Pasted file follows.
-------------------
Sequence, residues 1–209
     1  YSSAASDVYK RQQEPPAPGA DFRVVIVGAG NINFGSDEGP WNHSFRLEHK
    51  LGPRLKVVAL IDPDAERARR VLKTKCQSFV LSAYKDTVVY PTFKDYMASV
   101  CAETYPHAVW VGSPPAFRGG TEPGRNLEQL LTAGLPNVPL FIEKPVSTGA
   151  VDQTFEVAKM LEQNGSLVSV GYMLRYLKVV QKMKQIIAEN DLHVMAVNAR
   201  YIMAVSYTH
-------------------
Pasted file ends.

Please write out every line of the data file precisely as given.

Sequence, residues 1–209
     1  YSSAASDVYK RQQEPPAPGA DFRVVIVGAG NINFGSDEGP WNHSFRLEHK
    51  LGPRLKVVAL IDPDAERARR VLKTKCQSFV LSAYKDTVVY PTFKDYMASV
   101  CAETYPHAVW VGSPPAFRGG TEPGRNLEQL LTAGLPNVPL FIEKPVSTGA
   151  VDQTFEVAKM LEQNGSLVSV GYMLRYLKVV QKMKQIIAEN DLHVMAVNAR
   201  YIMAVSYTH